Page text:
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Are Larger Banks Valued More Highly?


  • Bernadette A. Minton
  • René M. Stulz
  • Alvaro G. Taboada


We investigate whether the value of large banks, defined as banks with assets in excess of the Dodd-Frank threshold for enhanced supervision, increases with the size of their assets using Tobin’s q and market-to-book as our valuation measures. Many argue that large banks receive subsidies from the regulatory safety net, so they should be worth more and their valuation should increase with size. Instead, using a variety of approaches, we find (1) no evidence that large banks are valued more highly, (2) strong cross-sectional evidence that the valuation of large banks falls with size, and (3) strong evidence of a within-bank negative relation between valuation and size for large banks from 1987 to 2006 but not when the post-Dodd-Frank period is included in the sample. The negative relation between bank value and bank size for large banks cannot be systematically explained by differences in ROA or ROE, equity volatility, tail risk, distress risk, and equity discount rates. However, we find that banks with more trading assets are worth less. A 1% increase in trading assets is associated with a Tobin’s q lower by 0.2% in regressions with year and bank fixed effects. This relation between bank value and trading assets helps explain the cross-sectional negative relation between large bank valuation and size. Our results hold when we use instrumental variables for bank size.

Suggested Citation

  • Bernadette A. Minton & René M. Stulz & Alvaro G. Taboada, 2017. "Are Larger Banks Valued More Highly?," NBER Working Papers 23212, National Bureau of Economic Research, Inc.
  • Handle: RePEc:nbr:nberwo:23212
    Note: CF

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    References listed on IDEAS

    1. Huizinga, Harry & Laeven, Luc, 2012. "Bank valuation and accounting discretion during a financial crisis," Journal of Financial Economics, Elsevier, vol. 106(3), pages 614-634.
    2. Hughes, Joseph P. & Mester, Loretta J., 2013. "Who said large banks don’t experience scale economies? Evidence from a risk-return-driven cost function," Journal of Financial Intermediation, Elsevier, vol. 22(4), pages 559-585.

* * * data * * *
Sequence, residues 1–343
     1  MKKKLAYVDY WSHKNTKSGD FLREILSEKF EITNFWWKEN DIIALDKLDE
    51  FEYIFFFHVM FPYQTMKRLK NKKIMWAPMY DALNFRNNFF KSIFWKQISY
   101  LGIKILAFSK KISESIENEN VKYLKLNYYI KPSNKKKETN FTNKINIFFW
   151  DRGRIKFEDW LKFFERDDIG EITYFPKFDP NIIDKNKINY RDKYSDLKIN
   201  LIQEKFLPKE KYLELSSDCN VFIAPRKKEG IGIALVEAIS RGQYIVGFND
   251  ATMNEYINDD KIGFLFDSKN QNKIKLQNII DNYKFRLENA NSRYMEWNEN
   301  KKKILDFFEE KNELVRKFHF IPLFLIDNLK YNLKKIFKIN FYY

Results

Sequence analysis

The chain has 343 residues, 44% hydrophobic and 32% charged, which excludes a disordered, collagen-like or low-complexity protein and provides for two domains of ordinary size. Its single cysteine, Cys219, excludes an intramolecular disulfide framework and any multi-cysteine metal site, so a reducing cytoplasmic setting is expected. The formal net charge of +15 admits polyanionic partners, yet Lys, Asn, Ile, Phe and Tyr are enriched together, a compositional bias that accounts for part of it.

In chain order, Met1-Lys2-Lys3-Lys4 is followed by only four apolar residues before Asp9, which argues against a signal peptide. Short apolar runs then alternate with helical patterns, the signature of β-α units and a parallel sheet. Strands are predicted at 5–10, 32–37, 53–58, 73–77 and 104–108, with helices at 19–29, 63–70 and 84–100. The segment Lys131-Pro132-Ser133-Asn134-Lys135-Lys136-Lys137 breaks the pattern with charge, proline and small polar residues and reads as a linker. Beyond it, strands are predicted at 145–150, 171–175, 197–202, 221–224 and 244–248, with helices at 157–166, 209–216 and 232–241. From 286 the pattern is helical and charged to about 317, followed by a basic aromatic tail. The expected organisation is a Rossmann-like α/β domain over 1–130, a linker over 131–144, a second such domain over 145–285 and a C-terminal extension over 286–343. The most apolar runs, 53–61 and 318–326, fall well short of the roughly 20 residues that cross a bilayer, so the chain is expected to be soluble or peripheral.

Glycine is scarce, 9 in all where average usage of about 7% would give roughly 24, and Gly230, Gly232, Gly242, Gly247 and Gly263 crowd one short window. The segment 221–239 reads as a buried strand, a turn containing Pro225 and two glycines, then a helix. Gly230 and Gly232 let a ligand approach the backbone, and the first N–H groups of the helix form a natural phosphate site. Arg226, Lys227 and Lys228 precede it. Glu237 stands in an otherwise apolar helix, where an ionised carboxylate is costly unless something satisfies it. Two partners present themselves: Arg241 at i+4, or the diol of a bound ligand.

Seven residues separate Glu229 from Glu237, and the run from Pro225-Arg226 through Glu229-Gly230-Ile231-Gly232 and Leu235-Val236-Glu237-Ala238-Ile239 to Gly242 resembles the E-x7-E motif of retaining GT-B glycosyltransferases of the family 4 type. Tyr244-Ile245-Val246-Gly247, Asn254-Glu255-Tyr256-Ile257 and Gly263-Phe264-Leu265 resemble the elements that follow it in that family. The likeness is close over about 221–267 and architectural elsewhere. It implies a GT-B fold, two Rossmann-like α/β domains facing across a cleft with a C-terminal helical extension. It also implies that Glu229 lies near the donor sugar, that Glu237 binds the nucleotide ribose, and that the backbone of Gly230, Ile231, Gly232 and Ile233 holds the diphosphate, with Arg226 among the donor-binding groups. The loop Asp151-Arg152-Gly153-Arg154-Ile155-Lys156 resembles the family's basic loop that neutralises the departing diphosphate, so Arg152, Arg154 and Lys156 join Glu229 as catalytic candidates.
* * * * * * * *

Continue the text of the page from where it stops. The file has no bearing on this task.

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    Cited by:

    1. Robert McKeown, 2017. "Where are the economies of scale in Canadian banking?," Working Papers 1380, Queen's University, Department of Economics.
    2. Robert McKeown, 2017. "Costs, size and returns to scale among Canadian and U.S. commercial banks," Working Papers 1382, Queen's University, Department of Economics.
    3. Eduardo Dávila & Ansgar Walther, 2017. "Does Size Matter? Bailouts with Large and Small Banks," NBER Working Papers 24132, National Bureau of Economic Research, Inc.
    4. Robert McKeown, 2017. "An Overview of the Canadian Banking System: 1996 to 2015," Working Papers 1379, Queen's University, Department of Economics.

    More about this item

    JEL classification:

    • G02 - Financial Economics - - General - - - Behavioral Finance: Underlying Principles
    • G21 - Financial Economics - - Financial Institutions and Services - - - Banks; Other Depository Institutions; Micro Finance Institutions; Mortgages
    • G28 - Financial Economics - - Financial Institutions and Services - - - Government Policy and Regulation
    • G3 - Financial Economics - - Corporate Finance and Governance

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